Waiting around

In a small English provincial town like Abingdon - which is unremarkable and pretty for the most part, but has seen better economic days – more than half the time a taxi driver is on shift, is spent waiting around, for short frenetic periods of activity. 

We have had a good day, if more time is spent moving, rather than being still.  On a recent Friday night shift, I was moving for 3 hours 13 minutes, but stopped for 6 hours 23 minutes. Over this time, I carried 23 people and 1 dog over 10 fares – hardly enough of an income, on which to make a living and below the national minimum wage, that night. 

There was a time before the recession when turnover per taxi was double what it is now, but that is no more: business is pretty much dependent upon term time contract work. It is cyclical around many people's monthly pay day and also dependent upon events such as football being shown on big screens at those local pubs which still remain open and also upon the weather.   Once it was possible to make a living from working weekday nights in Abingdon, but now, I sit around like Vladimir and Estragon, waiting for passengers who never arrive 

Unlike Oxford, in the Vale of White Horse, there is no limit on the number of Hackney Carriage licences which are issued. Every weekend night, two by two, more and more taxis try to cram into a small and over crowded town centre, to supplement whatever it is they are doing in the day with additional income.  It makes it all the more difficult for those of us attempting to earn our livelihood by providing a full time service to the people of Abingdon.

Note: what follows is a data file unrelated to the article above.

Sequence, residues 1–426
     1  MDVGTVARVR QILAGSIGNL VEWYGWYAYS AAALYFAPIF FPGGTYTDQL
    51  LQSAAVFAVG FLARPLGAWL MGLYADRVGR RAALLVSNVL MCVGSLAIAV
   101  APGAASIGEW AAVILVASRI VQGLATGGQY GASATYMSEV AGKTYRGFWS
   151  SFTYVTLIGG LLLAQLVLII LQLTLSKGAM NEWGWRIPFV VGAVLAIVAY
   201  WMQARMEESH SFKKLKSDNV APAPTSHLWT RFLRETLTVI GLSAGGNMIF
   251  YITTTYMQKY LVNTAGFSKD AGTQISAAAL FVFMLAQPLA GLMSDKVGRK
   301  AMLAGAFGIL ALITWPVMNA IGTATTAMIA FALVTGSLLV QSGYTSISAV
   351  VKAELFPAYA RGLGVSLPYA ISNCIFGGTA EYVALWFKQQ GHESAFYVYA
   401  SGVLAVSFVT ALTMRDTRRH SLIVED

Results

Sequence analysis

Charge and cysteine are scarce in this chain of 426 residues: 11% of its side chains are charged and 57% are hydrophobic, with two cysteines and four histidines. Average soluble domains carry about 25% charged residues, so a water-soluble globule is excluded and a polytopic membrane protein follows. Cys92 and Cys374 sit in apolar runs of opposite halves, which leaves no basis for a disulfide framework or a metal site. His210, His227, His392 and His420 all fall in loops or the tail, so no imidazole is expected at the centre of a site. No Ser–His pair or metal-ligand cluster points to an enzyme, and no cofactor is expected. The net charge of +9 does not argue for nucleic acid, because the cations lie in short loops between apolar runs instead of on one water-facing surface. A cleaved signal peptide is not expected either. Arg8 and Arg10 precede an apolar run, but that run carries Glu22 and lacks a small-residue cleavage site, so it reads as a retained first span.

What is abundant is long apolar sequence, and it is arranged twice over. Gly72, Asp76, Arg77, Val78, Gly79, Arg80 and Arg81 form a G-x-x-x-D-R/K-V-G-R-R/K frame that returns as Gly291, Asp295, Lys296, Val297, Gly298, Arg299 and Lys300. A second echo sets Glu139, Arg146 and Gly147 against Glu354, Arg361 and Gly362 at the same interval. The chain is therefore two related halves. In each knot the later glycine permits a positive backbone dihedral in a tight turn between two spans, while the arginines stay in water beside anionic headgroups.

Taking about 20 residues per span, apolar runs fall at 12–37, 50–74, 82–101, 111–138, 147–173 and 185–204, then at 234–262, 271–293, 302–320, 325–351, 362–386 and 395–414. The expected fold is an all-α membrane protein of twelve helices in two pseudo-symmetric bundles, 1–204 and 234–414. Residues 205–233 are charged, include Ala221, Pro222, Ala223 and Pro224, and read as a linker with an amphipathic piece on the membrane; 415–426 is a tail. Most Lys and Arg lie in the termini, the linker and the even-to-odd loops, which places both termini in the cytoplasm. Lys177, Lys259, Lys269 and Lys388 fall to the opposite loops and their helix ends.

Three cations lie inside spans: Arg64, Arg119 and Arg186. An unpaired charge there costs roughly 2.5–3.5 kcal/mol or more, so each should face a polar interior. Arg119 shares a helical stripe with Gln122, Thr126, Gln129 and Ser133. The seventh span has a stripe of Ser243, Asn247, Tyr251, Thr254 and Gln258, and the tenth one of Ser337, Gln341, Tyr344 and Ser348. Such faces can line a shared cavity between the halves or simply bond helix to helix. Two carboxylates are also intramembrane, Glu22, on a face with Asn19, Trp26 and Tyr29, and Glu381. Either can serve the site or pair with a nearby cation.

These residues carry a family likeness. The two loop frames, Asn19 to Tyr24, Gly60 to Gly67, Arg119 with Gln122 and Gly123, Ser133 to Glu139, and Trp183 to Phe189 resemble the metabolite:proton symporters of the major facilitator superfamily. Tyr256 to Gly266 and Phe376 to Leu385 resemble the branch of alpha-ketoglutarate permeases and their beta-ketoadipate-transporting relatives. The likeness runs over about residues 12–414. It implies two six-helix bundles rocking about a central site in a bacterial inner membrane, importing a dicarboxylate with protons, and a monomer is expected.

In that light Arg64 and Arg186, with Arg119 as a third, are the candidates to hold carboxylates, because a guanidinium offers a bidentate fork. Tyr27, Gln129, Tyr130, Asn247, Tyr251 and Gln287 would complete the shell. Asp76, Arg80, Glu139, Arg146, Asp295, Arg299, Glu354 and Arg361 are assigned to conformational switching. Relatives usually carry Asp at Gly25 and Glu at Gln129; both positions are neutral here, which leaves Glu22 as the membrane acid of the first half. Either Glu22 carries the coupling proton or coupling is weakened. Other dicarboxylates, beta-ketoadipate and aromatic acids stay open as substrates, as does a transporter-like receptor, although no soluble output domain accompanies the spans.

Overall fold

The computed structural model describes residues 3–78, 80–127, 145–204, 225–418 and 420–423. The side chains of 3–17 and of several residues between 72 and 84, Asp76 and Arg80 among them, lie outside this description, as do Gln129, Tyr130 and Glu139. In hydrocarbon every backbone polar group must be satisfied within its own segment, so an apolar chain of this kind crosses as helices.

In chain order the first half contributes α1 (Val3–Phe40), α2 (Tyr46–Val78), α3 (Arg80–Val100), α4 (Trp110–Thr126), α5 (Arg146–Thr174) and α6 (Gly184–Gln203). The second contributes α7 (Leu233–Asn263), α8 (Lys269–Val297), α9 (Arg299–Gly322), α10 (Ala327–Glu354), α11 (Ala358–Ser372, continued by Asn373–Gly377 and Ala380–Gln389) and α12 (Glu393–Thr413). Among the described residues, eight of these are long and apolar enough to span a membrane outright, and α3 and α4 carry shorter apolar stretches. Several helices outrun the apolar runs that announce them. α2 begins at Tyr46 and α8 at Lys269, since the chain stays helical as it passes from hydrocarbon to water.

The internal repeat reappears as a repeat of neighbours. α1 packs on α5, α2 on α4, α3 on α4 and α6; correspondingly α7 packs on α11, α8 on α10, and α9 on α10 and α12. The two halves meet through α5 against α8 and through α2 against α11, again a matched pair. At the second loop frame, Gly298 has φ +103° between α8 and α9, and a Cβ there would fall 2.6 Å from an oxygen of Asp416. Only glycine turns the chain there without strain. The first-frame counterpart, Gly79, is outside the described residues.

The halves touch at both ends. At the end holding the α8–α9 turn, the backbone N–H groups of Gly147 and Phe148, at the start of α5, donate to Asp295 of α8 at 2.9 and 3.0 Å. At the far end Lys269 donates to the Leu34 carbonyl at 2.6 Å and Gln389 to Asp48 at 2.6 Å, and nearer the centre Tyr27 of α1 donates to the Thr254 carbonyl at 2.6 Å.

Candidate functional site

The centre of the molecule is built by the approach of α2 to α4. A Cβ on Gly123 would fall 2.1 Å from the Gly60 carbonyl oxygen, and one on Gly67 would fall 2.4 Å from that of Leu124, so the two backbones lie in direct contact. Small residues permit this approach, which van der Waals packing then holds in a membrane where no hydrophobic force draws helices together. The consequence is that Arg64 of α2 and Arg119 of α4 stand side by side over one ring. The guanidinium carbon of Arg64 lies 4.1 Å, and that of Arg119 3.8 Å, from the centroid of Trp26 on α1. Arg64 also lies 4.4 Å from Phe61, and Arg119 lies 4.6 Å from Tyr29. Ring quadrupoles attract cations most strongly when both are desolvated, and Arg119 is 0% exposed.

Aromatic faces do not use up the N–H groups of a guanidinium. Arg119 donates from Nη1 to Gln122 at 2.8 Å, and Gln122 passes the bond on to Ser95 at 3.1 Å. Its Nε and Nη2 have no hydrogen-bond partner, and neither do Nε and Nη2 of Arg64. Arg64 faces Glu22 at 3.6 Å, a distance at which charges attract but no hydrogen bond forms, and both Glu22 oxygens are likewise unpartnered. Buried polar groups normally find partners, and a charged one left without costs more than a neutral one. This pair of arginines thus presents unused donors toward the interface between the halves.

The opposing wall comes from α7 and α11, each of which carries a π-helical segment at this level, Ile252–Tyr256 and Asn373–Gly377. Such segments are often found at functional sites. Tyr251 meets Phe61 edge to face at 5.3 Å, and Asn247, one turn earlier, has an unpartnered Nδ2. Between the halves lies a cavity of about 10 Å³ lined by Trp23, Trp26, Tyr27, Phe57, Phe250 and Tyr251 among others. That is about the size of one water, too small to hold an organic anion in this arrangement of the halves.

Some drivers you never see on the taxi rank, except for the rare occasion these days when it is busy on a Friday and Saturday night.  Instead, they wait around at home, for their telephone to ring.  Others, like me, will be waiting around on the taxi rank in Abingdon town centre, or parked up somewhere and adjourned to a local coffee shop or pub, to do administration work, or writing. 

It has been necessary to become expert at micro management of money: moving it around to get the best ISA rate and ensuring that there is enough cash to survive, during the dog days of the summer holidays and other school breaks. 

Although the roads around Abingdon and Oxford are much clearer, the level of business drops by around 30 to 40% during school holiday time and some days, the takings might amount to only £30. 

As someone without children of my own, I never envisaged I'd be in the situation where in my middle age, my working life would be ruled by school holidays, but thus it is and I can't wait for the unremitting tedium of the overlong Easter school holidays to be over.